Pretty sure roughly a third of my life has been spent standing in the middle of the room

wondering what I came in here for.

—Unknown

 

It’s like the Hallmark card I found years back. On the front cover was a cartoon figure of a large headed guy with little brain cells jumping out of his ears. When you opened it, it read, “Eugene didn’t mind that he was losing brain cells every day. He just wished they would be less dramatic about it.”

 

Recently, over the course of one day, I set out with our dog for a morning walk, but upon arriving home, realized I’d forgotten to grab the keys and had locked myself out of the house. When I finally did get back in, I decided to run to the local grocer. Filling my cart with all the necessary items, I reached the cashier only to discover I had forgotten my purse. Then to top it all off, at supper time, I turned on the wrong burner to boil some eggs, when I returned at the beeping of my timer, I was horrified to see my Le Creuset Dutch oven burnt to a crisp. A costly mistake that left me in tears.

 

My son keeps telling me, “Mom, you’ve got to focus.” He follows that by launching into the sermon I used to give him when he was young, ‘Before you walk out the door… before you start supper… ask yourself, “Where am I going? What am I doing? Stop and concentrate on the task at hand.”

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We officially have a one-year-old on our hands, and I have to admit, this stage is F-U-N.

 

Sure, there’s still nap struggles and defiance in the face of vegetables and blowouts. It’s a “nose goes” game anytime we hear the rumble. But at this age, there’s an unquenchable curiosity, a little mimicking, that’s just downright amusing.

 

We clap, she claps. We scream, she screams. We laugh, she fake laughs back. I moo like a cow; Mabel moos like a cow back. Every day, we play this game of back-and-forth.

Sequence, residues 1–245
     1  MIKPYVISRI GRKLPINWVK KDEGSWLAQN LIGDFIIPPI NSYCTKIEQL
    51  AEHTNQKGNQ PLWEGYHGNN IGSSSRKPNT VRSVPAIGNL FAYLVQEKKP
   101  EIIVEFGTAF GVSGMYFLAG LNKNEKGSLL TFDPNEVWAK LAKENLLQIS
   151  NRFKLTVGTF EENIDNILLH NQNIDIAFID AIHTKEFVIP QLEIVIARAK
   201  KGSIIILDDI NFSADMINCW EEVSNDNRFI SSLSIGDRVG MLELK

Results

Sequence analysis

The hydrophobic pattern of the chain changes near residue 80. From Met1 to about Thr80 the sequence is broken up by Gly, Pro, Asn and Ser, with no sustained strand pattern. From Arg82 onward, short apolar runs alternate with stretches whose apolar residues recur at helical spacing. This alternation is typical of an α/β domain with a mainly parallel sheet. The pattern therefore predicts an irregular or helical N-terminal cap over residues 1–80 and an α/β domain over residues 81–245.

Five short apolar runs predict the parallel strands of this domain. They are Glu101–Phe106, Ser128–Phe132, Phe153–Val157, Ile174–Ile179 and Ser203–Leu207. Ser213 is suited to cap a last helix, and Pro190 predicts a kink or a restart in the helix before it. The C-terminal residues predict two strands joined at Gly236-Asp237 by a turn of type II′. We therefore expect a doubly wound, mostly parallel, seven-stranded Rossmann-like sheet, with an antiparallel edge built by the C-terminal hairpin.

She’s just our little imitator. Our baby copycat. Our sweet mimic. And because of this, never before has Ephesians 5:1 made so much sense: “Imitate God, therefore, in everything you do, because you are his dear children.”

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Do you have a hard time surrendering control of your life to God? If so, you are not alone. On today's Connecting Faith, Jo talks with author Shannon Popkin about what it means to have control issues and how to remember that our story is really God's story. 

Check out the podcast of Jo's show here:

http://myfaithradio.com/2017/surrendering-control-life/

 

You can listen to Jo on Connecting Faith live every Friday at noon on Faith Radio/KTIS AM900 or 90.7 FM

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I was always a little nervous about praying out loud in a group. Even praying a dinner blessing would sometimes cause a bit of stress. I would worry that I was somehow doing it wrong. The words always sounded fine in my head but when they left my mouth they were somehow less than lovely. I wanted to take them back, to edit, and then put forth my prayer in perfect grammar and proper theology.